Dec 062009
 

Back in September, PogoWasRight.org reported that EPIC.org had filed a complaint with the FTC about EchoMetrix, a developer of software for monitoring of online activity. As reported at the time, EPIC alleged that EchoMetrix analyzes the information collected from children and sells the data to third parties for marketing or intelligence purposes while claiming it protects children’s online privacy.

As a consequence of that complaint, the Department of Defense canceled its contract with Echometrix.  EPIC.org reports:

Documents obtained by EPIC, pursuant to a Freedom of Information Act (FOIA) request, revealed the Defense Department canceled a contract with Echometrix, following an EPIC complaint to the Federal Trade Commission earlier this year. According to the documents obtained by EPIC, the Army and Air Force Exchange Service  [AAFES] pulled My Military Sentry, which collects data for marketing purposes, from its online store: “The collection of AAFES customer information (personal or otherwise) for any other purpose than to provide quality customer service is prohibited . . . . Giving our customers the ability to opt out does not address this issue.”

According to the documents obtained under FOIA, on October 14, Matthew McCoy, Manager of the Exchange Mall e-mailed EchoMetrix’s head of business development and retired Lieutenant Colonel Kevin Sullivan, founder of Leading Points Corporation, their marketing agent:

I was forwarded the attached complaint submitted to the FTC by EPIC. It is very unfortunate that you did not inform me of this issue. Our customers’ privacy and security is very important to us, and we trust our Mall Partners to maintain the security of our customers.

I have removed your site, and it will remain offline until this matter with EPIC and the FTC is resolved.

In a back-and-forth exchange of e-mails, EchoMetrix provided information on its policies and assured AAFES “Again there is no matter with the FTC to resolve.” Despite their confident assurance, on October 27, McCoy informed them that Sentry Parental Controls was removed from the Exchange Online Mall.

But while I was waiting for a response from EchoMetrix before posting this story, Jaikumar Vijayan of Computerworld beat me to the punch and has more on the story. You can read his coverage here.

Update: I just received this statement from EchoMetrix, which I am reproducing in its entirety. It’s the same statement Computerworld received:

Echometrix does not collect personally identifiable information or expose the source of any digital content. The company has never and will never collect, distribute or sell personal information as defined by COPPA (the Children’s Online Privacy Protection Act).

Jul 282009
 

The Office of Management and Budget is seeking public comments on the use of Web tracking techniques on federal government websites. Government agencies are currently prohibited from using persistent identifiers, such as cookies, except when there is a compelling need. EPIC, in comments to the President’s Office of Science & Technology, said that the government should not track users who are seeking online access to public information. EPIC is also pursuing a FOIA request concerning the transfer of personal information collected by federal agencies to private vendors. Comments are due to OMB by Aug. 10, 2009. Suggestions may also be submitted at the OSTP blog. For more information on persistent tracking, see EPIC Cookies.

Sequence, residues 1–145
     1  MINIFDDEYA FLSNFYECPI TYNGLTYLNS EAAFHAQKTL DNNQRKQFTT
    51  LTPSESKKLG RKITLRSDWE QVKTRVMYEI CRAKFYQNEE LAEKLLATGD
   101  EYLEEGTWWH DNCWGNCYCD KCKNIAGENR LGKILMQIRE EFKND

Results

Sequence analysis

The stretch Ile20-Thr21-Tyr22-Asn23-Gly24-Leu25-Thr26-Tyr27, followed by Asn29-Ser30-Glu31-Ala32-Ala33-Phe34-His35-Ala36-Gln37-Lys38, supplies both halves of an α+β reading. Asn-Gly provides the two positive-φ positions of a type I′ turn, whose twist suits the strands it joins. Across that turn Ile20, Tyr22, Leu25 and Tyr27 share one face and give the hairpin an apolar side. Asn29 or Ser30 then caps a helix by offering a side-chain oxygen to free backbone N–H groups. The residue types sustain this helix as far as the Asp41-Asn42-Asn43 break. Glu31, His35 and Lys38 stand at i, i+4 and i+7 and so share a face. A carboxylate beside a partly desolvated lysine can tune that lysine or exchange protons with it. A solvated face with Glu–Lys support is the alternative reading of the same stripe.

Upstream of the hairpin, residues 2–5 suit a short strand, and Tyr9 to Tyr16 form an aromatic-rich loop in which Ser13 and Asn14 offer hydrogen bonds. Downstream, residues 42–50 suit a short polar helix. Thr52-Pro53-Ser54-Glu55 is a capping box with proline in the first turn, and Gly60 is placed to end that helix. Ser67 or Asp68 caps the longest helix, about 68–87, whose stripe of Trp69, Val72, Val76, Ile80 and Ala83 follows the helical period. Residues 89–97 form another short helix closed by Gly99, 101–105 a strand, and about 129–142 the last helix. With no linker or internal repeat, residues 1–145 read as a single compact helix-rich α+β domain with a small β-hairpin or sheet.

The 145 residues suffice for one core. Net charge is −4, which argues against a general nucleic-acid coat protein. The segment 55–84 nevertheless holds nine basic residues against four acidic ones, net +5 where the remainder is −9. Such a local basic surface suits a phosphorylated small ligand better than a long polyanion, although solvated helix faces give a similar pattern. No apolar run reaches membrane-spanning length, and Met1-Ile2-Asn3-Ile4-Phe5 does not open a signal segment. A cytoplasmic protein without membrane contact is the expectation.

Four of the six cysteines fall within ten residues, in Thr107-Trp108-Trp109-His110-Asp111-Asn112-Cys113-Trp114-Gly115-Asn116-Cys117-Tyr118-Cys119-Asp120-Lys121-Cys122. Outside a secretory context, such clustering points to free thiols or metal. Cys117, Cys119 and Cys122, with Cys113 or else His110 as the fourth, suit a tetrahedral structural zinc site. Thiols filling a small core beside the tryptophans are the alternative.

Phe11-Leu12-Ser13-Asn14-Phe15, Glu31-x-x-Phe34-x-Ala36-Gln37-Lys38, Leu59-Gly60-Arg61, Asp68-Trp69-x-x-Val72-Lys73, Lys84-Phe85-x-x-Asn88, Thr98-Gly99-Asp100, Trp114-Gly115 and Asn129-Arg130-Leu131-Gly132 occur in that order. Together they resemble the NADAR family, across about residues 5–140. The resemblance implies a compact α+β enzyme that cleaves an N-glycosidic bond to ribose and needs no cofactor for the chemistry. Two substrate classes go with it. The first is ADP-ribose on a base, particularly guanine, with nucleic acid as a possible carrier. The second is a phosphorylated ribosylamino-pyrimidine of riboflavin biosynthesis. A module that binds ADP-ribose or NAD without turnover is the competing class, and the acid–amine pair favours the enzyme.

Source:  EPIC.org

Jun 242009
 

EPIC.org reports that the Transportation Security Administration has replied to the Privacy Coalition statement on backscatterwhole body imaging systems. The letter, signed by Acting Administrator for TSA, Gale Rossides, identifies all of the protections that WBI has in place.   But it really doesn’t address the biggest concerns about the potential for the misuse and the fact that this system is no longer being used for secondary screening purposes but for primary screening purposes.

Even if the screener cannot match the naked image of a passenger with the actual passenger, do you think it’s neccessary for TSA to use such intrusive and embarrassing search methods?

Jun 182009
 

From EPIC.org

With ID theft rapidly increasing in the United States, EPIC Executive Director Marc Rotenberg urged a Congressional Committee to address the root causes of the problem. In a testimony before the House Oversight Committee, Mr. Rotenberg said that the government typically acts only after the crime has occurred and warned that the problem will get worse if current trends continue. EPIC recommended a comprehensive strategy for ID Theft that would include: (1) Establishing privacy safeguards for web 2.0 services; (2) Ensuring privacy protections for outsourcing; (3) Enacting comprehensive privacy legislation; (4) Making privacy protection a focal point of cybersecurity policy; and (5) Developing better techniques for Identity Management.